LOUISVILLE, Ky. — Just after President Biden signed a bill declaring Juneteenth a federal holiday, Louisville will embrace the holiday it in it's biggest way yet.
One event is looking to bring light to Louisville's role with the Underground Railroad and Kentucky's true role in slavery.
The Unknown Project has received national attention, but it is truly a Louisville story.
At the new location for the Roots 101 Museum, the visitors are growing and founder Lamont Collins wants visitors to recognize hope and hurt. His favorite part of his museum is called Derogatory Images: Posters and symbols of America's marketing past.
"These images speak to me because these are the images I saw as a young boy," Collins said.
Roots 101 is a block north from Main Street, where slave pens dotted the street, during the Civil War, holding slaves. As a city, we supported the Union cause, but our factories shipped uniforms to both the North and the Confederacy.
Confronting those chains and our past takes a big step forward on Saturday.
"We do have to remember that in spite of everything that some of our people did make it to freedom," poet Hannah Drake said.
Drake will unveil the Unknown Project on the Waterfront as she and Collins tell the story of slavery in Kentucky on Juneteenth.
"I want people to reconcile with slavery in their families," Drake said, "Many people have sent us a documentation and let us know, "My family did, in fact, own or enslaved people and these are their names." Names that were just hidden from history."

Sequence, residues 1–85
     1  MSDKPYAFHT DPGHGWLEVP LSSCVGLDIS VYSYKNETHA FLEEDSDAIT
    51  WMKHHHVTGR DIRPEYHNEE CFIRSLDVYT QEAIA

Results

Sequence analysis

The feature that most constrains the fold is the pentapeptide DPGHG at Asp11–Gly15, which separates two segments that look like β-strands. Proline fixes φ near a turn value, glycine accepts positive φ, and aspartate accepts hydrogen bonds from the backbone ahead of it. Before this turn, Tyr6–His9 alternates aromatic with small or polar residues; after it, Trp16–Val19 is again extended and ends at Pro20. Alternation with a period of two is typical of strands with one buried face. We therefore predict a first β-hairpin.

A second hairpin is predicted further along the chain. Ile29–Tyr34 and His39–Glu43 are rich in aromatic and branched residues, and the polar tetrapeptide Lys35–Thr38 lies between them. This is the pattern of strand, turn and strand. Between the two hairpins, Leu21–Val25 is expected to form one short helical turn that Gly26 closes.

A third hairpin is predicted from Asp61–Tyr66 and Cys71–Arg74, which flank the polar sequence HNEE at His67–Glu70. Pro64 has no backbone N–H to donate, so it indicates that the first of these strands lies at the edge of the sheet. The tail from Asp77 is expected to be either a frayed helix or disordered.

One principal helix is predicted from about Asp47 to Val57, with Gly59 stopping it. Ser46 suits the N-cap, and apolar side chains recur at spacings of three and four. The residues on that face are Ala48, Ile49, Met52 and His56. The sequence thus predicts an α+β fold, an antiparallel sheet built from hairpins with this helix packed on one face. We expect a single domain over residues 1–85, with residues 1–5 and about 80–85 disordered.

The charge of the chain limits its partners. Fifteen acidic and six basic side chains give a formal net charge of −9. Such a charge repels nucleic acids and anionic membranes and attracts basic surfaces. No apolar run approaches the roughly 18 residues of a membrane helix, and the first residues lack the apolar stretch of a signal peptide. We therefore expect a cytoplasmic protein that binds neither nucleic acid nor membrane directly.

Louisville was a major slave port. So most likely the Underground Railroad, the path to freedom across the Ohio River, was busy in an area just west of downtown. On Saturday, the footprints of the unknown enslaved people will appear there.
WHAS11's Doug Proffitt asked Collins what he hopes the walk from his museum to the Waterfront will symbolize.
"I want them to see that, if we worked together, how we can change this community. And when I say 'work together', we come together," Collins said.
The project is called On the Banks of Freedom and the public art unveiling will also highlight the names of Black men, women and children--offspring of a slave owner--front and center. But some will remain a mystery.
"That is sad that someone existed, they breathed, they lived and there is no account of them, no account of their name," Drake said.
A young Abraham Lincoln himself sat looking at slaves unloaded in Louisville and made up his mind, that decades later would lead to the Emancipation Proclamation -- the reason Juneteenth is celebrated.
"The footprints show the struggle and determination of the people of color," Collins said.
The event is being designed as a day of reflection but celebration. On The Banks of Freedom is this Saturday, Juneteenth, at noon at the Roots 101 Museum. The walk to the location of the unveiling for the benches and public art will begin at 12:30 p.m. The unveiling is at 1:30 p.m., with speeches and music.